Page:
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July 29, 2009


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It's hard, isn't it? As part of bookblog ('scuse plug Scot!) Vulpes Libris, we do receive an awful lot of books and we can't possibly cover them all. I feel - as you do - bad about the waste and expense, along with that niggling feeling that there are so many books from the past I should be reading or that friends might have suggested that I'm not getting to read because books are being sent in.

But, with my new writer hat on, it is so difficult to get coverage and reviews that the blogs being open to taking a look at so many books is important and encouraging. Even if they don't like your book or don't cover it, at least they've given it a chance, a look, a something. And it is something the writer can do and it is not time-limited like the newspapers. Blogs often look at things well after they have been published, for example. Whereas there is only a small window with papers normally.

On the other hand (back to blogger's hat), maybe it's a bit like what you always hear publishers saying - target and research. If people approach a blog knowing what kinds of thing they read or, better still, having read it for a while first then they are more likely to send something that might - MIGHT - be in your ballpark area of taste.

But then - as you say - what about expanding your ballpark area of taste? HOw else do you move out the comfort zone? It can be like a random lucky dip. And perhaps that is good for writers who get pigeonholed or marketed in just one way and that might not normally persuade you to take a proper look. And good for you (me)to read something different. Argh.

It's all so hard I don't know. But I do think that sometimes you can be so swamped with books that it can be...intimidating. And people don't realise that bloggers don't owe them but that they are often working hard at something in their spare time for free, because...because...remind me again? :)

Perhaps there is no way round the messiness and one just has to end up going by instinct. I often can't really tell if a book is my cup of tea before reading it. And my idea of what my cup of tea is completely changes.

Thanks for this post. I very much related to it. (As you can tell from long rambly comment.)

'scuse Scott TTTT, I meant to type. I don't know what happened to that second t.

(You see, that's the kind of research I'm talking about, guys. Spelling names right. Good place to start.)

Cheers Rob, I hope this sent some of my readers your way.

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Kindle Sampled

Currently Reading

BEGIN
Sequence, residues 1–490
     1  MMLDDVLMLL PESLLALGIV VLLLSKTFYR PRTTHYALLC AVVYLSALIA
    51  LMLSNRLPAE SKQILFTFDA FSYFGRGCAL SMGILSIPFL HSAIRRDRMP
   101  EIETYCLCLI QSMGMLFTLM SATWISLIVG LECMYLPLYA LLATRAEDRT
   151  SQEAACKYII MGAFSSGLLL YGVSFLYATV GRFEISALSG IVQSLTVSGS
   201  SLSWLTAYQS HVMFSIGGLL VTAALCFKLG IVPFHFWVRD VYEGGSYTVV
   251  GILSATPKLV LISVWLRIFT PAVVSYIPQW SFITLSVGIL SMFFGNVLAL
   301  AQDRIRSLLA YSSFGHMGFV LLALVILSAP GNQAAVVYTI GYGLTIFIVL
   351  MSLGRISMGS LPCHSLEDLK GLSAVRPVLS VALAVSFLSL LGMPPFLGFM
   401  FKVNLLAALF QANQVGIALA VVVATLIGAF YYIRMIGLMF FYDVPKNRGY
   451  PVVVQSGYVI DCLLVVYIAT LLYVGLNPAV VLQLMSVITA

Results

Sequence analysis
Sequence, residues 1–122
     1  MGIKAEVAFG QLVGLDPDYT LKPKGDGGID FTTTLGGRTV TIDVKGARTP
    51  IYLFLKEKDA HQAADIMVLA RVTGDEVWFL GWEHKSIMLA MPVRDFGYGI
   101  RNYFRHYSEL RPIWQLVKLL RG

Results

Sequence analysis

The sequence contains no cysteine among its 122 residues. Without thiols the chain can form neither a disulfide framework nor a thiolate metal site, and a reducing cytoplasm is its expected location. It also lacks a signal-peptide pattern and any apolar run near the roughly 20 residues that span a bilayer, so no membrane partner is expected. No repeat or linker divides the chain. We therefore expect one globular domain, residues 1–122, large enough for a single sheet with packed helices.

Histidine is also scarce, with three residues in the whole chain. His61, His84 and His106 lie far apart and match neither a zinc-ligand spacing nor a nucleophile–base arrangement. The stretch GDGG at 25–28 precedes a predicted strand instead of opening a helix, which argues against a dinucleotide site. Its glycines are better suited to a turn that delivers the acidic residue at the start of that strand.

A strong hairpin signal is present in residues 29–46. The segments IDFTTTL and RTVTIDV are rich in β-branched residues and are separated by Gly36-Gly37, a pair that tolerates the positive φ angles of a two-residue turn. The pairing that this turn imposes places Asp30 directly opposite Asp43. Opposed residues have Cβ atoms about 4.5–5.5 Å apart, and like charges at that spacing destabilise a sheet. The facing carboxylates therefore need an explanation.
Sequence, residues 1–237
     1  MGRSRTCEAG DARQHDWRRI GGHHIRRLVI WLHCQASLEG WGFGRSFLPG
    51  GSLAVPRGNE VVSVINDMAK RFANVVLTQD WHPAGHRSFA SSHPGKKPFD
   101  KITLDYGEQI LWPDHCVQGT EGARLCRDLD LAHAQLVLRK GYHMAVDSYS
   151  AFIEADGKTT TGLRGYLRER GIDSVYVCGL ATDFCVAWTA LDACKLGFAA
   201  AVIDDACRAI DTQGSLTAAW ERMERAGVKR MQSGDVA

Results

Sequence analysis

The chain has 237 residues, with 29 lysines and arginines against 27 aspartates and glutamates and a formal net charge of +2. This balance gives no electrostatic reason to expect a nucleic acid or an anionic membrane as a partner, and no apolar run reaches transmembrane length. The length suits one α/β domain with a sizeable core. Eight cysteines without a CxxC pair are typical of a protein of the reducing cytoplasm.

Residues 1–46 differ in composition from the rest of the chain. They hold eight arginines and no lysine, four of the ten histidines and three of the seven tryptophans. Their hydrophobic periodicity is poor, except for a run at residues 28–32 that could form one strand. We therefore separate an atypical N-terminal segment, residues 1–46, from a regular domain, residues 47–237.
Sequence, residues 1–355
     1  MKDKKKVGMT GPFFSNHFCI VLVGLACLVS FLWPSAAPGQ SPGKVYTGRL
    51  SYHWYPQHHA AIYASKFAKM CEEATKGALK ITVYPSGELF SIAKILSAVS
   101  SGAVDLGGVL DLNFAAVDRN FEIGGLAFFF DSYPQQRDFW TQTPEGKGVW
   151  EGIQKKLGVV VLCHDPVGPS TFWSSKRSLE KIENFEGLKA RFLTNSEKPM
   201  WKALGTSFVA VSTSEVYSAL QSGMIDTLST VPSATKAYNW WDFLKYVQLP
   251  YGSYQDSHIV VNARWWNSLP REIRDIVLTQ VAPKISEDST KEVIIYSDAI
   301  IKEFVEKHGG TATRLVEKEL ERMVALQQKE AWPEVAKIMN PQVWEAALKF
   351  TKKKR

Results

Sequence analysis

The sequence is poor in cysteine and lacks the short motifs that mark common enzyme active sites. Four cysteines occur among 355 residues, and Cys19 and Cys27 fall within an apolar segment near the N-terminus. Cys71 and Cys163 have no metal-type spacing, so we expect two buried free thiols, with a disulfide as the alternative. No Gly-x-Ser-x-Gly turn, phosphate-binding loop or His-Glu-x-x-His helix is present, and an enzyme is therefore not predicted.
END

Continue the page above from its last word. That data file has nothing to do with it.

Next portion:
Books Read: 2015

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    Paula Hawkins: The Girl on the Train
    Entertaining thriller but I saw the twist coming from a long way off which lessened the impact considerably. A decent weekend or holiday read though. (***)

  • Noson S. Yanofsky: The Outer Limits of Reason: What Science, Mathematics, and Logic Cannot Tell Us

    Noson S. Yanofsky: The Outer Limits of Reason: What Science, Mathematics, and Logic Cannot Tell Us
    Looks at the stuff right at the edge of what we can understand, compute and reason across mathematics, physics, philosophy and linguistics. I managed to comprehend about 70% of it. It stretched me but I enjoyed the stretching. (****)

  • Jonas Karlsson: The Room

    Jonas Karlsson: The Room
    Bloke finds unused room in his office and goes there when he needs a few minutes' break from his humdrum job, only no one else can see the office. They think he is off his trolley. Delightfully droll satire, reminded me of Magnus Mills. (****)

  • Irene Handl: The Gold Tip Pfitzer

    Irene Handl: The Gold Tip Pfitzer
    Sequel to The Sioux and picks up, in both plot and tone, pretty much where the last one left off. (***)

  • Irene Handl: The Sioux

    Irene Handl: The Sioux
    The Benoirs are an extremely rich French family living in New Orleans who rally round one of their number when her marriage hits the skids. Handl has created an intensely annoying but oddly compelling cast of characters. Impressive if not entirely pleasurable. (***)

  • Seiichi Hayashi: Gold Pollen and Other Stories

    Seiichi Hayashi: Gold Pollen and Other Stories
    A beautifully-produced hardback highlighting some of the work of one of the acclaimed 'alternative manga' artists of the 60s and 70s. Unfortunately the stories themselves are either poorly translated or just don't travel well. A shame as it looks gorgeous. (**)

  • Bryan Lee O'Malley: Lost At Sea

    Bryan Lee O'Malley: Lost At Sea
    Bought this for Ethan's birthday but gave it a sneaky read before wrapping it. Good, but not as good as his more recent books. (***)

  • Walter M. Miller Jr: A Canticle For Leibowitz

    Walter M. Miller Jr: A Canticle For Leibowitz
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  • Bryan Lee O'Malley: Seconds

    Bryan Lee O'Malley: Seconds
    Lent to me by my son. A colourful, weird and wonderful graphic novel. Great fun. (****)

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